Economics – Discussion responses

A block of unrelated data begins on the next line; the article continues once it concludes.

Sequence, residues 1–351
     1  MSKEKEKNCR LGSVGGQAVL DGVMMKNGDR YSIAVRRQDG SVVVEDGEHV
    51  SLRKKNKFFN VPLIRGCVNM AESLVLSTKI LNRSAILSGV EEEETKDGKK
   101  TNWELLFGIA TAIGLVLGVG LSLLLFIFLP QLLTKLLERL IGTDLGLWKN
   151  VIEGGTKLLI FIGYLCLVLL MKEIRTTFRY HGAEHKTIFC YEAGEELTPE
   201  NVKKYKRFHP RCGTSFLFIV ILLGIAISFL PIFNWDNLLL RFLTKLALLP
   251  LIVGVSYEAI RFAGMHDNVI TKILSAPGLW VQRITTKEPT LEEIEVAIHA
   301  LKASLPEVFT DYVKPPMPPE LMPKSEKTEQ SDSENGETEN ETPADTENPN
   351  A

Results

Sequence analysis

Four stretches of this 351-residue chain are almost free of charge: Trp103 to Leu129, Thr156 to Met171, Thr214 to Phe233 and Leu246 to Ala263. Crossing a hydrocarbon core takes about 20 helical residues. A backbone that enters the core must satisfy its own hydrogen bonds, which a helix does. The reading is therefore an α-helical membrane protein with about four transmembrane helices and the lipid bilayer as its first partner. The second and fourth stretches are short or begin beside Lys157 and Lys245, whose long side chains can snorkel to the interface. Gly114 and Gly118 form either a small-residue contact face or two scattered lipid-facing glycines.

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In responding to your classmates, compare and contrast their memo with your own. What additional questions or issues would you include that they did not? Based on the analysis in their memo, would you recommend initiating an intervention regarding childhood immunizations?Post # 1Donna ColemanMemo: Regarding Childhood ImmunizationsChildhood immunizations are a popular public health topic in society as it relates to disease prevention and health promotion. Promoting childhood vaccinations could increase the vaccination rates among children and prevent disease outbreaks (Riddell, 2012). Data shows that vaccination rates among children in the United States are adequate with over 90% of kindergarten students vaccinated with the recommended vaccines. While this looks promising, some children are not vaccinated due to religious reasons and other parental preferences (Riddell, 2012). With this information, healthcare providers and organizations can help to improve vaccination rates by making childhood immunizations available and affordable to families.To promote health and reduce healthcare costs the organization could develop ways to ensure that the target population receives the recommended immunizations. Most childhood vaccines are recommended to prevent and control diseases. Some childhood diseases like pertussis and measles require preventative vaccines because there are no other alternate recommendations for prevention from these diseases (Riddell, 2012).To effectively promote childhood immunizations under the health effectiveness analysis program (HEAP), my organization would make an economic evaluation using the cost-benefit analysis. This analysis allows the organization to compare costs and benefits to make decisions about projects, public goods, and services. In other words, the organization will use the cost-benefit analysis to determine if the benefits from childhood immunizations are worth the costs (Henderson, 2018). In this case, there are little or no alternatives to childhood immunizations as a preventive measure. Therefore, a non-profit organization could perform this analysis to benefit public health instead of making a profit. Discounts or free vaccines could be provided to those in need. Some concerns and questions that might arise in the cost-benefit analysis, such as the availability of staff to accommodate immunization distribution schedules; will the organization provide the quantity to cover the servicing areas? will all children have a fair opportunity to access the immunizations? how would the organization apply discounts and who would subsidize the funds to cover the loss? These are valid concerns that could arise during the economic evaluation before a decision can be made about the approach with this intervention.The impact that this intervention could have on consumer behavior and demand is more children would get vaccinated due to the affordability and availability of this valuable product. Consumers will utilize the services consistently because of accessibility. They are more likely to choose the organization that has the product available at a price that they can afford or at no cost.  The organization would ensure that they have enough vaccines to serve all communities and that they negotiate with insurance carriers to provide coverage for the vaccines. According to Riddell (2012), consumers are more likely to choose between obtaining the goods and services to improve their quality of health especially when there are no alternatives, and the costs are minimal. This health intervention could improve health outcomes and benefit the organization. For-profit organizations can apply other analysis methods to determine how they could make a profit as well as meet the needs of the consumer, and nonprofit organizations could use the cost-benefit analysis to promote public health and remain competitive.ReferencesHenderson, J. (2018). Health Economics and Policy (7th ed.). Cengage Learning., M. R. (2012,). Wayback Machine. # 2Re: Health Effectiveness Analysis Program (HEAP) – Childhood ImmunizationsTo Whom it May Concern:Cost-benefit analysis (CBA) requires that health benefits and costs are measured in monetary terms. A CBA is comprehensive and measuring benefits can be complex. CBA benefits can be measured in physical and cognitive health, productivity, treatment costs and life. However, there are some questions that arise when making economic evaluations on childhood immunizations.1. How does this benefit children in the present and future?According to Bärnighausen et al., (2011) vaccines protect children’s health and allows them to achieve full cognitive potential. Children that are physically and cognitively healthy can attend school, miss school less due to illness and finish college. There is an outcome related productivity gain because vaccinated children can grow up to be physically healthy and well-educated that permits to work and be productive members of society. For instance, Haemophilus Influenzae type b (Hib) vaccine protects against a bacterial form of meningitis that can cause blindness, mental retardation, epilepsy, paralysis and deafness. There is a relation between cognitive ability and educational achievements linked to labor productivity and income. Recent studies show that 15 to 35% of Hib meningitis survivors have a permanent disability that can reduce cognition (Bärnighausen et al., 2011).2. How does this affect the community?Each state has its own vaccine requirements to enroll children in school. However, there are vaccine exemptions that allow children to enroll in school without meeting the mandatory vaccine requirements. The vaccine exemptions are medical, philosophical or religious beliefs (NVIC, n.d.). Parents with immunosuppressed children may be advised by the pediatrician to opt out of vaccinations if the risks outweigh the benefits. Therefore, there are children attending school without being protected from certain diseases. However, children that are vaccinated can protect other unvaccinated children through herd effects. Vaccinated children cannot contract the disease and transmit it to other children that are not vaccinated. The herd effect can help reduce the transmission of disease in the community (Bärnighausen et al., 2011).3. What are the costs associated with disease?Cost associated with the disease can be direct or indirect. Direct costs include outbreak control, outpatient and inpatient visits for treatment of disease. Indirect costs include productivity losses from premature mortality (CDC, 2014) According to the CDC (2015) before the introduction of the Hib vaccine about 20,000 children under the age of 5 contracted the Hib disease yearly and about 3% – 6% children died. After the introduction of the Hib vaccine, Hib disease dropped by 99%. The costs associated with disease can have a financial burden on society. In 2013, the cost per hospitalization from Sequelae among meningitis cases was $4, 111 for 2 days and 38,270 for 7 days that could have been prevented with the Hib vaccine (CDC, 2014).Cost-benefit analysis can assist in measuring benefits in monetary terms and identify ways to distribute resources to maximize profit. This intervention can impact demand and consumer behavior. Parents that want to protect their children from Hib will vaccinate their children causing a higher demand for vaccines and medical personnel to administer them. The demand for vaccines can result in competition in the market. Health care providers can choose to purchase from private or public sector. However, the ultimately decision is determined by the patient’s insurance and what brand of vaccine it covers.Please let me know your thoughts on this proposal.Best Regards,Trina CoxReferencesBärnighausen, T., Bloom, D., Canning, D., Friedman, A., Levine, O. S., O’Brien, J. Privor-Dumm, L. (2011). Rethinking the Benefits and Costs of Childhood Vaccination: The Example of the Haemophilus Influenzae Type B Vaccine. Vaccine, 29, 2731-2380. Retrieved from for Disease Control and Prevention (CDC). (2014). Decision Analysis Model. Retrieved from for Disease Control and Prevention (CDC). (2015). VFC Publications: Supplement. Retrieved from Vaccine Information Center (NVIC). (n.d.). State Law & Vaccine Requirements. Retrieved from